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Tinkinswood burial chamber, in South Wales, was built nearly 6000 years ago. The capstone, at around 40 tons weighs almost as much as a fully-laden 18-wheeler articulated lorry! The basic design of the site classifies it as one of the Cotwold-Severn group of burial chambers.

It was first excavated in 1914 by John Ward, Keeper of Archaeology at the National Museum of Wales, when over 900 human bones were discovered – it is estimated these were the remains of between 40-50 people. The vast majority of the bones had been broken, but the mix of ages and sex suggests use of the site by the entire community over an extended period.

The Tinkinswood of today is very different to that prior to the excavation, as extensive ‘restoration’ work was carried out at that time:

  • a brick-built supporting pillar was inserted into the chamber
  • the courtyard supporting walls were rebuilt, using a distinctive, and not at all authentic, ‘herringbone’ pattern to the brickwork.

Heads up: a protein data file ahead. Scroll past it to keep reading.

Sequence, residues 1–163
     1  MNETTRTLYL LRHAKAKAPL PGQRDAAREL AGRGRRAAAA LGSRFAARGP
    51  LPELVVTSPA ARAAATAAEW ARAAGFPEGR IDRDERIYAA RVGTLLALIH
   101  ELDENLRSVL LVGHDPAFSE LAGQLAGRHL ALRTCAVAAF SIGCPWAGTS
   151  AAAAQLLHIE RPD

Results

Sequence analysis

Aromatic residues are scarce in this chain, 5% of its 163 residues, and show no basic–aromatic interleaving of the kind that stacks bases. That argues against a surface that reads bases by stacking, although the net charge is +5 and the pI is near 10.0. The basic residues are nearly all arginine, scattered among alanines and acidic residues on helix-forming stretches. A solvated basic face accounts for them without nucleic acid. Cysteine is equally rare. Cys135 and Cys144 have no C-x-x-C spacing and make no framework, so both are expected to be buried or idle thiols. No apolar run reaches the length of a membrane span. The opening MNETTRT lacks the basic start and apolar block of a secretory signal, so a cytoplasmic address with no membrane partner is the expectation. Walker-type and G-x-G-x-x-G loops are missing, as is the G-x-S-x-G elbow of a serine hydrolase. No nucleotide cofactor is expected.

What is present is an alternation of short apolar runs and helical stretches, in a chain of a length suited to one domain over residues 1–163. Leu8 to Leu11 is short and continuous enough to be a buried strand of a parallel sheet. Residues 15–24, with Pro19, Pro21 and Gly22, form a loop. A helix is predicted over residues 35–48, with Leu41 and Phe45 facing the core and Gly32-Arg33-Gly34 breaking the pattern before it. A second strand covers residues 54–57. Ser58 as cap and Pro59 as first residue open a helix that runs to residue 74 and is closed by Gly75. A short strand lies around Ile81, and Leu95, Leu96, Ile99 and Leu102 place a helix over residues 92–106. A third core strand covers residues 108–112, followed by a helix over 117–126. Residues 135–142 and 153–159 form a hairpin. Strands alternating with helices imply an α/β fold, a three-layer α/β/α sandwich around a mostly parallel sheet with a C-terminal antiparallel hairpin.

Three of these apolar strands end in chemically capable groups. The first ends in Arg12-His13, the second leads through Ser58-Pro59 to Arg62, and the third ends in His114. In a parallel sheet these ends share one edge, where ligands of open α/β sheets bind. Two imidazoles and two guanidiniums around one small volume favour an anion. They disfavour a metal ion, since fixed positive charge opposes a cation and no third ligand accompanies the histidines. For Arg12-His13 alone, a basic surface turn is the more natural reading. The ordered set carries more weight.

• the rectangular mound and external revetment wall have been trimmed and generally ‘prettied up’, allowing easier interpretation of the site by visitors.
  • the entire site would have originally been covered by an earthen mound so that no stones other than the courtyard entrance would have been visible.


In 2011, a local community project undertook a further excavation to learn more about the monument and it’s setting. Their project blog makes interesting reading for those interested in more information about this fascinating site!


August 2015

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